If I’m part of Wolfe’s representation, based upon the current compensation of both he and Jackson, as it stands now I would not accept a contract that goes below Jackson’s contract signed with the Eagles a few months ago, based upon their similar ages. That contract is for three years at $10 million APY, $17 million fully guaranteed, $20 million practically guaranteed, and a cash flow that is a consistent $10 million through every year of the contract.
Here is a sample contract that would mimic those goals.
|Year||Base Salary||Prorated Bonus||Option Bonus||Other Bonuses||Cap Number||Dead Money||Cap Savings|
Like Jackson, Wolfe gets a three year, $30 million extension. Like Jackson, Wolfe gets $10 million after each new year of the contract. Here’s how that new money would break down:
- Through 2020, Wolfe gets $11.45 million fully guaranteed in new money via a $6 million signing bonus and a guaranteed $5.45 million base salary. By doing this, when adding his old money from 2019 in Wolfe will have earned $20 million, the same that Jackson is slated to earn in those two years.
- Sometime before the start of the 2020 league year, the Broncos must decide whether to exercise a $3 million option bonus on the 2021 season. If they exercise it, Wolfe’s $7 million 2021 base salary becomes fully guaranteed, securing another $10 million in his coffers that equals the $30 million that Jackson is slated to get through the entirety of his Eagles contract. If they decline it, Wolfe’s 2020 cap number would fall by $1 million, but the amount of dead money against the 2021 cap would increase by the same, to $4 million.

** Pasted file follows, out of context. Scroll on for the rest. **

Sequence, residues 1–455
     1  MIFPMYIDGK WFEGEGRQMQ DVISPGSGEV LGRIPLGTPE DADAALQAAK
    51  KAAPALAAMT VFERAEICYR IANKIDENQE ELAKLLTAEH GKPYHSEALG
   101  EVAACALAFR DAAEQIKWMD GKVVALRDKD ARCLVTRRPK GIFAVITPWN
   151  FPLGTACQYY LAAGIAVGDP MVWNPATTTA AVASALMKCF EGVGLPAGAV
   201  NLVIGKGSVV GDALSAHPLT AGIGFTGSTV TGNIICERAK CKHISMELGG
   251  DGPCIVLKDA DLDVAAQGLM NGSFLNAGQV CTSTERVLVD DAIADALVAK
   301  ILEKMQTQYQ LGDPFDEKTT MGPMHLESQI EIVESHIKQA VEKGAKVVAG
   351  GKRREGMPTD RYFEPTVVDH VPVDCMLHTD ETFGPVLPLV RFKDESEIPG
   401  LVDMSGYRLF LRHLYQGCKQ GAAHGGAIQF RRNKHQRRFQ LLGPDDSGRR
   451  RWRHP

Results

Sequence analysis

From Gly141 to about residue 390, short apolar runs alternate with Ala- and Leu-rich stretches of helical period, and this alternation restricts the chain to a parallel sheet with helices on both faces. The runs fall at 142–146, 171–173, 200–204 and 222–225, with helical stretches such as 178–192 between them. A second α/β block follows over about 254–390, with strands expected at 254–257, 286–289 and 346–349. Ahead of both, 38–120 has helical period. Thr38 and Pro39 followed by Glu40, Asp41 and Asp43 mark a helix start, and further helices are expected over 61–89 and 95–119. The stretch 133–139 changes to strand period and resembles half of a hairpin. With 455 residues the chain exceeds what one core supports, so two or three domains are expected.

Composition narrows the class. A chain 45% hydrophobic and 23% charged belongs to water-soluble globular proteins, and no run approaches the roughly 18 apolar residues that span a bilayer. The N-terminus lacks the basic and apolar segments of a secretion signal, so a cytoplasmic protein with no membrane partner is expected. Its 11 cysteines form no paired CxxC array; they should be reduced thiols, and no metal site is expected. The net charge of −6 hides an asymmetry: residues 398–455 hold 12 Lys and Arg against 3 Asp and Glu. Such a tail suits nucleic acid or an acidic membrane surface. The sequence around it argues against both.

- A similar $3 million option bonus is also placed upon Wolfe’s 2022 year, but this one most be exercised before the same league year, instead of one year in advance. For comp pick purposes, this allows the Broncos to make Wolfe eligible to be a compensatory free agent in 2021 or 2022.
I have kept Wolfe’s 2019 cap number the same by prorating an additional $2 million of his existing 2019 base salary, but if the Broncos would like to get more cap space now, or if Wolfe wants more money before the season starts, that amount could be increased as desired, in exchange for the possibility of more dead money against future caps.